The movie, of course, is Catching Fire. The second film in the Hunger Games series, this one has the right combination of action, drama, spectacle, and pretty people to please just about everyone in the family. The way Subway is using it to give back is pretty clever: participants simply head to a Subway store, snap a picture of themselves with a Catching Fire standee, and tweet it using the hashtag #subtracthunger. That’s it! For every photo shared, Subway will donate a meal to a needy person. Participants are encouraged to share news of the contest with their friends, via Facebook and Twitter, in order to bring more people on board.
This charitable promotion goes along with Subway’s current Catching Fire Sweepstakes. For a chance to win the sweepstakes, customers look for codes on 30-ounce collector cups and select bags of chips, which they then enter online to win prizes that include things like food, movie tickets, gym memberships, and even trips to Hawaii and Hollywood. Some of the codes earn instant prizes, while others enter participants for a chance at the bigger-ticket items.
All in all, this is a pretty smart way to drum up business. People will buy Subway food in order to find the sweepstakes codes, and then will leave feeling good about themselves and the company, having taken a silly picture in order to donate to charity. It’s an easy way to give and an easy thing to share on social media, which means there will be plenty of warm fuzzies about Subway in conversations—social and otherwise—this year.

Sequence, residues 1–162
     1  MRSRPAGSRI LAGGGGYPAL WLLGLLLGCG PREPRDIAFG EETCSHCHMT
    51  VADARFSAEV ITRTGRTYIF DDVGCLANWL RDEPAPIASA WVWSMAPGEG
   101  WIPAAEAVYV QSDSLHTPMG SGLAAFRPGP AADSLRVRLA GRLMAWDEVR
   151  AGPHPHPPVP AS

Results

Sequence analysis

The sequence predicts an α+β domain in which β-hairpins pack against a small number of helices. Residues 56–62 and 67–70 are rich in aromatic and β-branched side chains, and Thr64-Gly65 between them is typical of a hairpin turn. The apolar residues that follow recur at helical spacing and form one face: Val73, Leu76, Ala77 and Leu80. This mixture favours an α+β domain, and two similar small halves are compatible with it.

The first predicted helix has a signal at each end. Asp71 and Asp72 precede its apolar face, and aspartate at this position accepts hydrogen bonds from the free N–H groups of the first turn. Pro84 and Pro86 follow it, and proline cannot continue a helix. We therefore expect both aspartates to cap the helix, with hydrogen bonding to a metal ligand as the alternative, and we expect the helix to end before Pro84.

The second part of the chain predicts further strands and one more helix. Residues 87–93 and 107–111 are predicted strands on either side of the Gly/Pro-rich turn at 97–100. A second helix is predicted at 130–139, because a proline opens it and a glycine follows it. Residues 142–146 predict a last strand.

This is just one more example of a company using social media to promote itself, and combining it with a charitable act in order to look good doing it. If you’re trying to find new and clever ways to promote your business, Splash Media can help. For more information on social media solutions or best practices visit our website or connect with us on Facebook, Twitter, and YouTube.
If there were ever a digital red carpet that we could roll out – it would be for this.
Karl Lagerfeld, head designer and creative director for the fashion house Chanel, brought Coco back to Dallas. Partnering with Neiman Marcus for the Métiers d’Art fashion extravaganza, Lagerfeld took all 900 invitation-only guests on a tour through Chanel’s history. So where does marketing come in? Well, Lagerfeld has been promoting his short film of Chanel, “The Return,” for weeks now, and the film debuted before the fashion show began.
Lagerfeld is not the only genius in this equation; all Dallas traditional and digital publications have published articles and were among the invite list to document one of the largest, document-worthy, fashion soirées to hit Dallas. Among their press list, editors from the top fashion magazines in the world such as Vogue, W, and Harper’s Bazaar were said to have been in attendance. In fact, a Vogue Australia editor was caught doing some last-minute shoe shopping at Neiman’s yesterday.